We usually associate Guardian Angels with children. In the gospel reading for the Feast of Guardian Angels, October 2, Jesus says we can’t get to heaven unless we become like little children whose “angels in heaven always look upon the face of my heavenly Father.” (Matthew 18,1-5,10)
Artists, like the above, usually picture Guardian Angels with children, protecting and guiding them as they go on their way in a dangerous world.
Yet, the angels we read about in the Bible are more than protectors of children; they’re signs of God’s involvement in the whole world. They bring God’s message to Mary and Joseph and the prophets. They bring bread to Elijah in the desert and save Daniel in the lion’s den. They’re part of God’s providential hand dealing with the world. They guide nations, the human family and creation itself. Angels are everywhere instruments of God’s power and love and justice.
However smart or independent or grown-up we think are, God knows we’re still little children. We never outgrow God’s guidance and care: we have “loyal, prudent, powerful protectors and guides. They keep us so our ways cannot be overpowered or led astray.” So that’s us in the picture above.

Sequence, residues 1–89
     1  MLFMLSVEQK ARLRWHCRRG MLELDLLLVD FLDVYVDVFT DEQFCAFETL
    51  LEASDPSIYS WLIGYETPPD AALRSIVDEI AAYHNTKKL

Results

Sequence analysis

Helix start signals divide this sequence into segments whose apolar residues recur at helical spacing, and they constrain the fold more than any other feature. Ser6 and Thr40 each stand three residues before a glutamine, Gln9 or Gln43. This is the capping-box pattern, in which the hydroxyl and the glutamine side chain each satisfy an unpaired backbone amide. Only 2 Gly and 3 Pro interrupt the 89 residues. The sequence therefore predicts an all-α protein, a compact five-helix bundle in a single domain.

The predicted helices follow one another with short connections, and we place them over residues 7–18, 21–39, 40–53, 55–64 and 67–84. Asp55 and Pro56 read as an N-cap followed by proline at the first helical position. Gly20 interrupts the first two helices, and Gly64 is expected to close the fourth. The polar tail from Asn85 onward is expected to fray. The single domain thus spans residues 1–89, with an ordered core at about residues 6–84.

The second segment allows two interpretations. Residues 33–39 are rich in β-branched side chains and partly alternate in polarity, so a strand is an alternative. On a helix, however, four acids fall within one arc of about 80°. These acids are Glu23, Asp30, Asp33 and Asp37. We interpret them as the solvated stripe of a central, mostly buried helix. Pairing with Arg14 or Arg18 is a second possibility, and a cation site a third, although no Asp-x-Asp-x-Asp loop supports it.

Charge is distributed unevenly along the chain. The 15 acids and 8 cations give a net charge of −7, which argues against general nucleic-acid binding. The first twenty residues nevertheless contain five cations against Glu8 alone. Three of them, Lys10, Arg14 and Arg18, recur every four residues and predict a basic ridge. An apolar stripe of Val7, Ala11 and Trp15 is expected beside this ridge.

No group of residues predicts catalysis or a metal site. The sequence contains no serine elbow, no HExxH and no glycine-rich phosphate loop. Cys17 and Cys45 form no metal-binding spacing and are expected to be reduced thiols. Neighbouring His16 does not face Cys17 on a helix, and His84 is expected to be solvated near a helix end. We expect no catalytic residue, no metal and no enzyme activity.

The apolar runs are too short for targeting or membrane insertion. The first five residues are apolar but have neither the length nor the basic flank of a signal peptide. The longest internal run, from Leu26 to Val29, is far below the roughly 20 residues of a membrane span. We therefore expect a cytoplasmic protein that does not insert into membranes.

I think of the “principle of subsidiarity” on the feastday of the Guardian Angels. God spreads his power around. I also remember that sometime ago I nearly hit a truck ahead of me but something suddenly stopped me. “Thanks.”
O God, in your infinite providence you deign to send your holy angels to be our guardians. Grant to us who pray to you
that we may be defended by them in this life
and rejoice with them in the next.
Through our Lord Jesus Christ, your Son.
Thank you for your post, Father Victor. Something to tell the “grown-ups.”
Mary Oliver and others believe our deceased loved ones are angelic! Reminds me of the angel ornament we put at the top of our Christmas tree.
About Angels and About Trees
Where do angels
fly in the firmament,
and how many can dance
on the head of a pin?
Well, I don’t care
about that pin dance,
what I know is that
they rest, sometimes,
in the tops of the trees
and you can see them,
or almost see them,
or, anyway, think: what a
I have lost as you and
others have possibly lost a
and wonder, where are they now?
The trees, anyway, are
miraculous, full of
angels (ideas); even
empty they are a
good place to look, to put
the heart at rest—all those
leaves breathing the air, so
peaceful and diligent, and certainly
ready to be the resting place of
strange, winged creatures
that we, in this world, have loved.
by Mary Oliver. From Evidence: Poems, Beacon Press.
Dear Father Victor, Thank you for your reflection. It brings out the kid in me and reminds me of what a priest once told me as a child. He said, don’t hurt anyone because you will have their Guardian Angel to answer to. Good advice, still!